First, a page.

Beirut Beaches

In my last post I wrote about increasing tensions in Beirut. Then I mentioned that I was on the beach in Sicily. Frivolous on my part?

Before arriving to Lebanon, I might have thought so. But with a summer in and out of Beirut under my belt, I know better. Beirutis are passionate, maybe even obsessed, about going to the beach. In one of the memoirs about the city I read during my first month here, the author recounted a friend´s desperation to go to the beach when the city was under siege during the 2006 war with Israel. At the moment of a brief cease-fire, the friend leapt into her car, and drove furiously to get out of town. One highway tunnel was blocked at the end by a lone, but heavily-armed soldier. She turned back, tried another route, and another, and another, until she found a way out of town and a day on the beach.

That’s some serious dedication to the beach.

Lebanon´s coastline is 140 miles long, pebbly in parts, sandy in others, and Mediterranean waters warmly lap its shores. There is a public beach at the southern end of Beirut. It is popular with families, but women anything less than fully-clothed while bathing are rare there. Along the Corniche, locals (mostly men) cool off by jumping into the water from the rocky shore. You can spot the occasional woman, sometimes fully clothed, sometimes in modest, 1920s-style bathing suits.

There are few free public beaches, but many beach clubs, charging anywhere from US$10 to US$35 or more per person, for use of their facilities. Beach chairs and umbrellas are abundant, and many clubs also have swimming pools. In the city, the moneyed set tends to lounge poolside at one of the expensive clubs built along the rocks, muscled men and bikini-clad women hidden from gawkers by screens and awnings that line the clubs’ edges. The seashore north and south of town is similar, public beaches interspersed with private clubs that are set well away from the public eye.

For the Lebanese, where you go to the beach says something about who you are.

“You went to Al-Jisr beach?” asked my Arabic tutor with surprise. “There is another you will like better, you must try Jiyé Marina…. All the people that go to Al-Jisr come from the same village.”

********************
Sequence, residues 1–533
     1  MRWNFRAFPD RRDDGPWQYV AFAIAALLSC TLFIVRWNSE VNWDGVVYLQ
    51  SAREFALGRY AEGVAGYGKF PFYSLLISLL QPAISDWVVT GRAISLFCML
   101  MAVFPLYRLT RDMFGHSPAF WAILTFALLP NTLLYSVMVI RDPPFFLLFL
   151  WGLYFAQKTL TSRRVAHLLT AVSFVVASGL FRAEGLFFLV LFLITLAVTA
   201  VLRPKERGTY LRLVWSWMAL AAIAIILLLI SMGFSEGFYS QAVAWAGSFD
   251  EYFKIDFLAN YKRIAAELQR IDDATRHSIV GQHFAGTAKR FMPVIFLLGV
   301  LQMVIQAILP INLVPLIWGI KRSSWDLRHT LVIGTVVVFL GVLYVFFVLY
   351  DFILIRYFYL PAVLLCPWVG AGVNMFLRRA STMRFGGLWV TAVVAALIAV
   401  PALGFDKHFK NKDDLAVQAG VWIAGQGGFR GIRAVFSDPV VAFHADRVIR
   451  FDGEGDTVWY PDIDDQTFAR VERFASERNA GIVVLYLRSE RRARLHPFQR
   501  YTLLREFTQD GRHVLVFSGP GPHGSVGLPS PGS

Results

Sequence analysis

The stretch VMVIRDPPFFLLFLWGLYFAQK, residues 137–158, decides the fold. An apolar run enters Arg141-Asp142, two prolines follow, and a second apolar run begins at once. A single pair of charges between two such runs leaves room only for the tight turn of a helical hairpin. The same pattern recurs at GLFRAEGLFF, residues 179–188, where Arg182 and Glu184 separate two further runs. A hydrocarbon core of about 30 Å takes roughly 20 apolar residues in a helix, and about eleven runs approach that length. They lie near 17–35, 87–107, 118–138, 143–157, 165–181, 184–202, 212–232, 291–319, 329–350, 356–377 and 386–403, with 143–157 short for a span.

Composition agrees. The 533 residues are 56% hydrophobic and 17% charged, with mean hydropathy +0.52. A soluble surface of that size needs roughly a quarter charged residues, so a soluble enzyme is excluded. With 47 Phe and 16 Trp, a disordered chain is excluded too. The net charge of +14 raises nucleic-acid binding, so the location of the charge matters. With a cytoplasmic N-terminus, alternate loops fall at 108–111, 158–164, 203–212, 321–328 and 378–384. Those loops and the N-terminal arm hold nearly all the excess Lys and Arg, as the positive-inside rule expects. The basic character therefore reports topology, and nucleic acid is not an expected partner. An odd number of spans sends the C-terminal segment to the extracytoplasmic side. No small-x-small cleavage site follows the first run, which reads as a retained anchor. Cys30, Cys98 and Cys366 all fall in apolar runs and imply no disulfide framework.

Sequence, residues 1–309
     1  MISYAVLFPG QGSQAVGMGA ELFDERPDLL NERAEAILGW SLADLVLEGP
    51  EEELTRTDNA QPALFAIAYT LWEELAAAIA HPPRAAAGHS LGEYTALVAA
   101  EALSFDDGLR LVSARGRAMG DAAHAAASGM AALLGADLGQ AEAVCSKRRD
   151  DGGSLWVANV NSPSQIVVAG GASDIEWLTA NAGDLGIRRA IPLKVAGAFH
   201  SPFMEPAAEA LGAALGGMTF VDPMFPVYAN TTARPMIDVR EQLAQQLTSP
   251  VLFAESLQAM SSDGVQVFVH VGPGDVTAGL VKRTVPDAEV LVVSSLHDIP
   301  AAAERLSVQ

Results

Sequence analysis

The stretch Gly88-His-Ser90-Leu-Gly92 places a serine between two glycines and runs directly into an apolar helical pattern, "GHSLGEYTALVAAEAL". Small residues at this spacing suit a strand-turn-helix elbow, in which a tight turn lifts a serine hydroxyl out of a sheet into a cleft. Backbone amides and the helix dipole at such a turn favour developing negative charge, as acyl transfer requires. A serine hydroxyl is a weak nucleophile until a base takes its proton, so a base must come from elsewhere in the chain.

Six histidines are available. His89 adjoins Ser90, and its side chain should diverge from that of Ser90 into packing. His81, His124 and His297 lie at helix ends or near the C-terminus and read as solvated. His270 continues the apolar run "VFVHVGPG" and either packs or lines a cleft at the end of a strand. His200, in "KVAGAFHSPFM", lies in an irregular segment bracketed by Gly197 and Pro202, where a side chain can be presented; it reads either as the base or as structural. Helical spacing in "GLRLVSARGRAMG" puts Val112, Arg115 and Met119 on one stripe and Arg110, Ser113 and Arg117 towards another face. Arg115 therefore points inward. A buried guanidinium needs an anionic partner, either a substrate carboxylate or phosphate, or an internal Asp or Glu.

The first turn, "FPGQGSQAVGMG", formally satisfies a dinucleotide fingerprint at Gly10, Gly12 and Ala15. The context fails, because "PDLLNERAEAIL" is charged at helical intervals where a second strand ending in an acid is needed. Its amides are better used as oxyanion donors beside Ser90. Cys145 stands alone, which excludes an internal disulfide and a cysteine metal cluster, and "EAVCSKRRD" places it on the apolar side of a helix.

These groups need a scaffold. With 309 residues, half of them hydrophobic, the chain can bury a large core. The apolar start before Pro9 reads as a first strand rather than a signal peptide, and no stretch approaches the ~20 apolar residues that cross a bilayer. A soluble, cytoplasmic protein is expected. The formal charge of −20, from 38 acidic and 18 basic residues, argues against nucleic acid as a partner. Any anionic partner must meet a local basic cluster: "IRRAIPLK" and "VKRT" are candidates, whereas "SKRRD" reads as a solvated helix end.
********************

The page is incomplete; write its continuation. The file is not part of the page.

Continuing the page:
¨You went to Al-Jisr beach?” questioned the stylist at the hair salon. “You must try Lazy B, it is more European, you will like it better.”

I wasn’t sure quite to make of either of those comments, but my family and I were game for trying them all.

We liked the budget-friendly prices at Al-Jisr, their gazebo-like thatch shades on the beach, and the huge swimming pool, despite the massive crowds and the pervasive smell of argileh pipes. (Argilehs are water pipes for smoking fruit-flavored tobacco, popular with many Lebanese.)

We liked the sandy cove and calm waters at Jiyé Marina.

And we did like the colorful, sleek, “European” aesthetic at Lazy B, as well as their kids pool.

Hmmm… how does that define us? Perhaps as the multinational, adventurous family that we are.

On our way to the beaches in the south we drove by The Palms Ladies Resort. An expat friend I’ve made told me about her visit to the resort with a group of Lebanese women and their children (boys under age 10 only). It´s a place where women can strip down, away from the prying eyes of men. Jetties are built out into the water to prevent anyone of the opposite gender approaching too closely by sea. My friend reported that the bikinis were shockingly itsy-bitsy (and told of a collective gasp that went up from the crowd when a male jet-skier shot by too close for comfort). Conservative and rebellious mixed together, defying any attempt to pigeonhole. Just the way I like it.


4 thoughts on “Beirut Beaches

  1. Andrea says:

    I love your stories Amy!!! It brings me Lebanon into my home, just waiting for the next one. Big hug y besos para los 4!

  2. Glad to hear you can enjoy summer! I was thinking about you the other day with all the news about Mideast violence. (Was at Holden a week ago, BTW: fabulous weather with hot days and crisp mornings and evenings, and a small gathering of those who grew up there in mining days.)

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